Utah pays high-priced lobbyist to de-list wolves

Posted at 10:14 PM, Apr 30, 2015
and last updated 2015-05-01 09:35:00-04

SALT LAKE CITY -- The Utah House of Representatives wasn't ready to talk about wolves in the waning hours of March 12. Less than two hours remained in the 2015 General Session, and they were about to vote on what is called the "bill of bills," which is the budget bill wrapping up loose ends for the state.

But Rep. Joel Briscoe, a Democrat from Salt Lake City, noticed an appropriation he didn't remember discussing on the Natural Resources Joint Appropriations Subcommittee.

It was $500,000 to continue a contract for the de-listing of wolves.

"It was snuck in," Briscoe said. "It had no public hearing. The only public hearing it got was I stood up and spoke about it."

The gray wolf is on the endangered species list, despite making an impressive comeback in the Northern Rocky Mountains--making their endangered status a hot topic in Wyoming, Idaho and Montana.

That comeback has led the U.S. Fish and Wildlife Service to take endangered protection away in those three states and in the northeastern portion of Wyoming, though a Federal Judge put the Wyoming protection back in place.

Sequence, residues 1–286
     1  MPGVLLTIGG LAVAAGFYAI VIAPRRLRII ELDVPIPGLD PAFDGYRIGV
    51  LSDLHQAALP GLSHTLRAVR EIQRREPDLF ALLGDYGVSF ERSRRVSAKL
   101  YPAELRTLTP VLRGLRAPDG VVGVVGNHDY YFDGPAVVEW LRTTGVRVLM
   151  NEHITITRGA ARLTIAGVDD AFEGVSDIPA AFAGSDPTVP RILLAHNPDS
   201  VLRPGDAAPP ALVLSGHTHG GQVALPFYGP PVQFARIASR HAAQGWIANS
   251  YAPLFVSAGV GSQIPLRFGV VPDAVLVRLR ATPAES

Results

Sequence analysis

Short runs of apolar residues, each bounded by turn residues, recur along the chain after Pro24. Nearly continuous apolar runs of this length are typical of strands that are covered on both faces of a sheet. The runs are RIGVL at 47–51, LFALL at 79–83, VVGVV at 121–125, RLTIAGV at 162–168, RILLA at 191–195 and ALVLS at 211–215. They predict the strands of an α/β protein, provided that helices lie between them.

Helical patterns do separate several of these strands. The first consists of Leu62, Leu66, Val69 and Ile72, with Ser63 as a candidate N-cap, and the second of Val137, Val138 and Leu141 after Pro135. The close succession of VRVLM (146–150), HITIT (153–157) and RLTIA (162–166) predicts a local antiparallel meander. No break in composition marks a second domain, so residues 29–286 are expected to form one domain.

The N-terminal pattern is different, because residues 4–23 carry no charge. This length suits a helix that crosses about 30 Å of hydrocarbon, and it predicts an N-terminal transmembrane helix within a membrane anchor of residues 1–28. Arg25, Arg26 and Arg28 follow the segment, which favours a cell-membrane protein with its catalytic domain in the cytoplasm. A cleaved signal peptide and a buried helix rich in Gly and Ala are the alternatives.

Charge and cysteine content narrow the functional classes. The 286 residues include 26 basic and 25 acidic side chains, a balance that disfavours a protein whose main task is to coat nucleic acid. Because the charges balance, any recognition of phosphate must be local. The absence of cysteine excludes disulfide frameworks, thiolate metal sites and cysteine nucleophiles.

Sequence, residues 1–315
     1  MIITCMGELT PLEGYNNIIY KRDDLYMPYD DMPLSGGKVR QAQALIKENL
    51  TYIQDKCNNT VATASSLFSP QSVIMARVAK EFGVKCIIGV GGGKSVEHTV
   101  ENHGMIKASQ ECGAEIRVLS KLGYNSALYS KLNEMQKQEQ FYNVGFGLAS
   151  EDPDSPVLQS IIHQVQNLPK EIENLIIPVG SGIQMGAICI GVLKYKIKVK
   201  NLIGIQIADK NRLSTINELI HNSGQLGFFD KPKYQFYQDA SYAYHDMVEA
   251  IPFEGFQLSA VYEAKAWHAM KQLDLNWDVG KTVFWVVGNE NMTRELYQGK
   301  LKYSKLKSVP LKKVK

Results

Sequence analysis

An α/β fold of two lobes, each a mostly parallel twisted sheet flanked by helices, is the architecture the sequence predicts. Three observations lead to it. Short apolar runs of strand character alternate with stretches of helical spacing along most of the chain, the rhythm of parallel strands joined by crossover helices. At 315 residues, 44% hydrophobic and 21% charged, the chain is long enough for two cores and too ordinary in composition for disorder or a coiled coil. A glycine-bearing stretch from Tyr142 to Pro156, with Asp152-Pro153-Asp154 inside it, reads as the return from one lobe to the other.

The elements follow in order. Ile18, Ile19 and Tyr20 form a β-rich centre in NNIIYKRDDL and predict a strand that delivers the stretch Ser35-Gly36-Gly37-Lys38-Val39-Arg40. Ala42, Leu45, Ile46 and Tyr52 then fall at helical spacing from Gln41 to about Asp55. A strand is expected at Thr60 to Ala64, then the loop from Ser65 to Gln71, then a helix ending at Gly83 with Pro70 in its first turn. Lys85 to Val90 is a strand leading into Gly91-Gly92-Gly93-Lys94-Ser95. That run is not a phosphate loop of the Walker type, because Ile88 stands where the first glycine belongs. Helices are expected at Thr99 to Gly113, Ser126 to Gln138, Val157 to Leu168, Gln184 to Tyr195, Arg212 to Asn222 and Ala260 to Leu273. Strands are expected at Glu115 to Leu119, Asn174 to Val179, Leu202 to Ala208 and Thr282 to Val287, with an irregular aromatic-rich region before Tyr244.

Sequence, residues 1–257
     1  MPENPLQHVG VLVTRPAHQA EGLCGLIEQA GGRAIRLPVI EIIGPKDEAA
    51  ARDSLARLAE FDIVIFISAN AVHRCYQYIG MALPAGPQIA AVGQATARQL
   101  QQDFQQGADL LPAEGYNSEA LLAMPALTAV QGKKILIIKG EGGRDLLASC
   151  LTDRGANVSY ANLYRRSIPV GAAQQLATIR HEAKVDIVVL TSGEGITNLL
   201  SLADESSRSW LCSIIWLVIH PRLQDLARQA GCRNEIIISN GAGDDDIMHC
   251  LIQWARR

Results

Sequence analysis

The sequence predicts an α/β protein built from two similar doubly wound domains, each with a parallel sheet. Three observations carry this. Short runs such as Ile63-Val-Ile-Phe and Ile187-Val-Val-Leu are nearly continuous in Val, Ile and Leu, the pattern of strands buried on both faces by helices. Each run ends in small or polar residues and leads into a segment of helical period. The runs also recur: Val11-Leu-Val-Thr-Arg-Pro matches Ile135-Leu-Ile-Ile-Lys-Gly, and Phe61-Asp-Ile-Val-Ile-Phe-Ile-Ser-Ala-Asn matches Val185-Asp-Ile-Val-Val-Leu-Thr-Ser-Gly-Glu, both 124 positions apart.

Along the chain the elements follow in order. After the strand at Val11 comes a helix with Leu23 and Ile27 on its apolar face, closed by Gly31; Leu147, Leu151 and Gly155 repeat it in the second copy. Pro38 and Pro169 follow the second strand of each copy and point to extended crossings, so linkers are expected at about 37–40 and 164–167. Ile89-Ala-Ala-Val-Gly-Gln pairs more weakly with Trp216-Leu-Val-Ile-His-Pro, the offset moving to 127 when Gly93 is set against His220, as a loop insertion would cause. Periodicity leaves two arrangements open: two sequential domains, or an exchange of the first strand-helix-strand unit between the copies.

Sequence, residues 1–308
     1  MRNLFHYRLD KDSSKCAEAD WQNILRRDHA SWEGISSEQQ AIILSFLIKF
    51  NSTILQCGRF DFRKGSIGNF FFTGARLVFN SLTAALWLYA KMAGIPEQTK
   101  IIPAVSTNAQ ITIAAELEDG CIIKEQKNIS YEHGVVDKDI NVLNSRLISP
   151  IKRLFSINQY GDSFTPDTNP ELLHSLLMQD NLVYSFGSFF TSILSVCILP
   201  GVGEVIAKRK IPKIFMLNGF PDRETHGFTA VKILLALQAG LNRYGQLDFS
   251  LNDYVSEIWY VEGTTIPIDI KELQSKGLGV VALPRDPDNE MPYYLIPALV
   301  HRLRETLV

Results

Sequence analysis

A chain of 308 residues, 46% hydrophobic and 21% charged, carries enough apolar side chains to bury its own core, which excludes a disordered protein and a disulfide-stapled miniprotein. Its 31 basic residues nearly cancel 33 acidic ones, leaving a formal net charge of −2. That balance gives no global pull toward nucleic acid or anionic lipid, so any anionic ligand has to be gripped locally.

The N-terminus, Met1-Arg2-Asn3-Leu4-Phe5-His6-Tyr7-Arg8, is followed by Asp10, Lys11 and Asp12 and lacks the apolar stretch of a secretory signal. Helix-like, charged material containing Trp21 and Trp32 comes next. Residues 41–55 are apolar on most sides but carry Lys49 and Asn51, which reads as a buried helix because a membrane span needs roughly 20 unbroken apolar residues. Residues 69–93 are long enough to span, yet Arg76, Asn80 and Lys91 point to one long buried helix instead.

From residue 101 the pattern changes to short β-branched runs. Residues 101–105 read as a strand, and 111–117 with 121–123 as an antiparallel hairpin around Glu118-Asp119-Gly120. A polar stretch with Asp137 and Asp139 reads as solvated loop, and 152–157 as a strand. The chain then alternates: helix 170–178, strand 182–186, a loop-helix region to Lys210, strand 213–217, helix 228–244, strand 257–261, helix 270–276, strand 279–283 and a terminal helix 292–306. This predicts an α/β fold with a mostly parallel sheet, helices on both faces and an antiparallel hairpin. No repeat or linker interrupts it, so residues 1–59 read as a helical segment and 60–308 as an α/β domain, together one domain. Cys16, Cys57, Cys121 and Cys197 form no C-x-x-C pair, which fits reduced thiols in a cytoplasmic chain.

Wolves are also a hot topic in southern Arizona, where a subspecies of the Mexican Gray Wolf has been reintroduced. The Mexican subspecies has been decimated by generations of hunting and poisoning that has been ongoing in its home ranges in Mexico.

The strange thing about the $500,000 Utah appropriation is that Utah doesn't have any permanent wolves. Occasionally, one or two wolves wander into Utah, which suggests a pack could someday make a home in Utah's mountains.

Ranchers and big game hunters think the wolf would be an economic disaster for Utah's rural communities, killing sheep and cattle and hurting elk herds and the moose population.

The state legislature has sided with that point of view, passing a wolf management bill in 2010 that asks the federal government to remove wolves that enter the state.

That bill had a fiscal note saying it would cost nothing, but that same year, lawmakers started funding a lobbying effort that continues to today, amounting to $1.3 million thus far, most of it going to hire one lobbyist. See the videos above for more details on this story.